The plague and famine under Hisham – from the Chronicle of Zuqnin

The translation continues:

Of the drought and famine that also took place on the earth in those days.

At that time, God sent us on these most cruel and terrible plagues: the sword, captivity, famine and pestilence, because of our sins and the misdeeds that our hands had engaged in.

“Even if Moses and Samuel stood before me, my soul would not incline towards this people. Send them away from before me, and let them withdraw. What if they say to you: Where shall we go? [You shall tell them:] Thus says the Lord: To death he who [is destined] to death; to the sword he who [is destined] to the sword; [34] to famine he who [is destined] to famine; to captivity he who [is destined] to captivity. I will send four plagues upon them, says the Lord: the sword to kill, the dogs to eat, the birds and beasts of the earth to devour and tear in pieces, and I will deliver them over to the earthquake.” This is what Jeremiah, taught by revelation, has left us. He himself said: “The cry of Jerusalem has gone up before me. The great have sent the small to the water; they have come to the cisterns and have found no water: they have returned with empty vessels, they have been confused and distressed, and they have covered their heads. Because of the works of the earth there has been no rain; the labourers have been confounded, and have covered their heads; the does have given birth in a desert, and they have abandoned their young because there was no grass; the wild asses are keeping to the roads: they have sucked the air like dragons and their eyes are dim because there was no grass.” In truth, all these things which the prophet said were fulfilled in the present time.

This is the carnage that the armies of Arabs have made between them. They have drowned the earth in their blood; the birds, the beasts and even the dogs are filled with their flesh. Men pillage one another. The plague ravages them, so that if someone goes outside the sword stops him; if he stays at home, plague and famine take him. One hears on all sides only sadness and bitterness.

First, the rain that used to descend to earth during the winter has been held back and has not fallen. All the seeds have been dry and nothing has sprouted, so that there has been a great famine throughout the region, so much so that wheat rose to eight or seven qephîzè for a dinar: and yet none is for sale. Some governors sent men who seized wheat wherever they found it, either in houses or in silos, and sent it to him. Men were oppressed to death by the famine, especially the owners of wheat who had not experienced [35] the test of famine and whose corn had been seized by the authorities, so that they died of hunger. Thus the famine was felt even more by the rich than the poor. It also spread throughout the country, so there was no place better preserved than another from its ravages: everywhere was the same oppression. The wild beasts, as well as domestic animals that live on grass, perished because there was no grass. So there was great distress upon men and upon all flesh because of the famine which had not its equal in our time, nor in the time of our fathers. The fountains and streams were empty and the rivers dried up.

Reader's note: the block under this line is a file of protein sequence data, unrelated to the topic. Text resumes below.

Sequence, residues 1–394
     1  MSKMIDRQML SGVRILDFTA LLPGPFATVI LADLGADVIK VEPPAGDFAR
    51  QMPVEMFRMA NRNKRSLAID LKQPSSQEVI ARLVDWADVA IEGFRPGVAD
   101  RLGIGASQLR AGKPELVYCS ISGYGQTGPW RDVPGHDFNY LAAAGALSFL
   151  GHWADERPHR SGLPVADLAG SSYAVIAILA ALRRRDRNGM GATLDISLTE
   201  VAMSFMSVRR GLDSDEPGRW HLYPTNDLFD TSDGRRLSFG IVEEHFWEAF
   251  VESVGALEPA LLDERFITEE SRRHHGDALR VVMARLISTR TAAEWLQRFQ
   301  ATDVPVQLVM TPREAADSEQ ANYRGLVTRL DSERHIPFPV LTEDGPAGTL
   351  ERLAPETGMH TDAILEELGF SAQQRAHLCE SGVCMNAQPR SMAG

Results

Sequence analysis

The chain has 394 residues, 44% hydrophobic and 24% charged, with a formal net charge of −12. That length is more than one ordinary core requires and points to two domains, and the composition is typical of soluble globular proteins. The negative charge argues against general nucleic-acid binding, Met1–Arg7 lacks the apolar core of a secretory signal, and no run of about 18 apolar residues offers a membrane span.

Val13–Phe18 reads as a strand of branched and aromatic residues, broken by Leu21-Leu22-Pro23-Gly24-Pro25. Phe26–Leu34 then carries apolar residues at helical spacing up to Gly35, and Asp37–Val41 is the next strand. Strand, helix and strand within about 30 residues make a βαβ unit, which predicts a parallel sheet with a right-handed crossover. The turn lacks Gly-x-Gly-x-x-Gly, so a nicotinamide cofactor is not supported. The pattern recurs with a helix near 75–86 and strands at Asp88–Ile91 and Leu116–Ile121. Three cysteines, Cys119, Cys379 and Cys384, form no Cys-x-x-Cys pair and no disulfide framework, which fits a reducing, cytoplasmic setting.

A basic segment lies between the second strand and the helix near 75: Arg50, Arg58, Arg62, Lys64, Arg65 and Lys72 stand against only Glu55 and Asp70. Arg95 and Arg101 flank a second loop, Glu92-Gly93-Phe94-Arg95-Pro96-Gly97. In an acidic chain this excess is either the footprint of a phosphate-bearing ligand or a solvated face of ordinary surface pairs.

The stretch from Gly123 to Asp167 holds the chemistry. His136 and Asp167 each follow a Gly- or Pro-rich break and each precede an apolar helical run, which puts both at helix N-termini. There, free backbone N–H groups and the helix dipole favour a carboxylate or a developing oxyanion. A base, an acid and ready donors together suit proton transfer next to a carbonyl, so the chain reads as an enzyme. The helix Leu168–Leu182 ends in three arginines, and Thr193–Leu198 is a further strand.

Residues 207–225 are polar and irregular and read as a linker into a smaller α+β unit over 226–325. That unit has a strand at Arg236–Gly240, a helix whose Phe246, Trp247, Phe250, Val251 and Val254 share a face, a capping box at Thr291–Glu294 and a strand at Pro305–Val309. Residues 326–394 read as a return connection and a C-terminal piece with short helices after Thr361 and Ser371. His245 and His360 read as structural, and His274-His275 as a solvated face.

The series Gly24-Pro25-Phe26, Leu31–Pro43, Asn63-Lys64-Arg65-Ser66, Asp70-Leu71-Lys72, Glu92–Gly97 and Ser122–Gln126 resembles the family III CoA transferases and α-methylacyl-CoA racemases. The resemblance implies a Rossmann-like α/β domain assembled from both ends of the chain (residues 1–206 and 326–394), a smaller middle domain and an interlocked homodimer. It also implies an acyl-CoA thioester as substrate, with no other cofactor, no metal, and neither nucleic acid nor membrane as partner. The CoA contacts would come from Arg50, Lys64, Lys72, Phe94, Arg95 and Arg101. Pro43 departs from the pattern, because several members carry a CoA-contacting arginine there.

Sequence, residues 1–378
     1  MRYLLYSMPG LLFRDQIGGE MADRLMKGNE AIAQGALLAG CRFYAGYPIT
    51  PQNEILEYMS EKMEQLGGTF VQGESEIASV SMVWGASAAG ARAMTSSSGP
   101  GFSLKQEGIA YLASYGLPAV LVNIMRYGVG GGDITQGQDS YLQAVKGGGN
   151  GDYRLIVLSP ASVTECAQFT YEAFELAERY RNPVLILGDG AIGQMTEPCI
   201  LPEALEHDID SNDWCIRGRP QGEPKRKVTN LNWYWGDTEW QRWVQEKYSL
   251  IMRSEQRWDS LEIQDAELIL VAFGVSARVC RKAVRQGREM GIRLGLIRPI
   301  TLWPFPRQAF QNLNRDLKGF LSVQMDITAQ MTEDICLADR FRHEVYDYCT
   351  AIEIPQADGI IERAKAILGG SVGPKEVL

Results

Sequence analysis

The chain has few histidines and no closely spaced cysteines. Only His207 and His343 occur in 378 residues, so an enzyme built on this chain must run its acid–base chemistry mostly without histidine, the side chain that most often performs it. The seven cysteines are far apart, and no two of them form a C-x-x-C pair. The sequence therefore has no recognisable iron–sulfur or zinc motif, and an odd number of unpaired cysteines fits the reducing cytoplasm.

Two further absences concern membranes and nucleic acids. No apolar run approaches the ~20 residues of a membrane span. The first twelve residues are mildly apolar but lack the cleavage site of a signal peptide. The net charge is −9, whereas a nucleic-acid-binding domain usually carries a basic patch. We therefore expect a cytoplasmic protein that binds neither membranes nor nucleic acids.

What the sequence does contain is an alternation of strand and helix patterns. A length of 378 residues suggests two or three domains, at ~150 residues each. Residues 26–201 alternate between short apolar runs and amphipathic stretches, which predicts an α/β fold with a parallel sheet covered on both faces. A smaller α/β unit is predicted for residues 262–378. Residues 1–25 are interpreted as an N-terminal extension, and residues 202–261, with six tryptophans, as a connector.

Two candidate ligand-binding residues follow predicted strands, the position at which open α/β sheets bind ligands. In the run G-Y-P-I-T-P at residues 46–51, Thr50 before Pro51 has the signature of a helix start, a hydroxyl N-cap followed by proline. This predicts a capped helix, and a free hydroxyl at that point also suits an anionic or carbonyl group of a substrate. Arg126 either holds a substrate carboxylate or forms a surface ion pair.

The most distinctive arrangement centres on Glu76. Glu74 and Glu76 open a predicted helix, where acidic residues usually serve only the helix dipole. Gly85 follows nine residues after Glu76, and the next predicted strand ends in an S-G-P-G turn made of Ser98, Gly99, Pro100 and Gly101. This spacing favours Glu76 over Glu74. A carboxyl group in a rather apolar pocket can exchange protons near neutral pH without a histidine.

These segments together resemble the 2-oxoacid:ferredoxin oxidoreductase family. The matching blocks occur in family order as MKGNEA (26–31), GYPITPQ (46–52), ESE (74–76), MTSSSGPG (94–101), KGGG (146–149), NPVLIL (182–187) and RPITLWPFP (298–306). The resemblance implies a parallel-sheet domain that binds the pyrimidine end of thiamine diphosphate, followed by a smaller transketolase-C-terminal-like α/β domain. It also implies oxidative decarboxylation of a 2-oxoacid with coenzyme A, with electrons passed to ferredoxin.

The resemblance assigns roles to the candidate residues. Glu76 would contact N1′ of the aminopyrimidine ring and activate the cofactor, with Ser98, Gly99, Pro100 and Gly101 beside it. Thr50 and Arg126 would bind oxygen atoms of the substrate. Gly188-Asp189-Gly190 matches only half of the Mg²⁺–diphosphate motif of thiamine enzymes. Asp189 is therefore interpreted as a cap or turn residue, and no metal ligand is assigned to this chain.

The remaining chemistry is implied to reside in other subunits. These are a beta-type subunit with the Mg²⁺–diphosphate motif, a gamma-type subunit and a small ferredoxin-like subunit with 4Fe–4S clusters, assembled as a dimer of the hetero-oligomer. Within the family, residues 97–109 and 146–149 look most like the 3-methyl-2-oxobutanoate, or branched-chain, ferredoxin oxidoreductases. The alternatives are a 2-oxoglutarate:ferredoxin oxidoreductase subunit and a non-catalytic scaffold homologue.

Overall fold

Upon the death of Hisham miseries were multiplied upon the earth. All the miseries, and especially the plague and famine, befell us because of our many sins.

 Note how the famine was worsened by seizing grain from those who had it. 

This is why Africa starves.  If what a  man saves will be seized by others, then the poor man has no incentive to save.  Anything he saves will simply be stolen by the local “Big Man” — a concept unknown under the honest colonial administrations.  In consequence everyone does the bare minimum they need to stay alive.  So when drought comes, as it always will, they starve.  Security of property is essential to human life.

2 thoughts on “The plague and famine under Hisham – from the Chronicle of Zuqnin

  1. True, oppression kills all incentive in men to produce for they know that all that could keep them above the animal survival level will be taken away from them by the oppressor.

    NB I think Zuqnin here speaks about the plague and famine after (and not under) Hisham; i.e. during his successors Al-Walid II (743–744 AD), Yazid III (744 AD) and Ibrahim (744 AD) during whose reigns the whole area convulsed with wars, insecurity and economic collapse.

  2. Could be. And I think the dates are not reliable; Witakowski says that in part 3 (all this material is from part 4) the author must have been guessing a lot.

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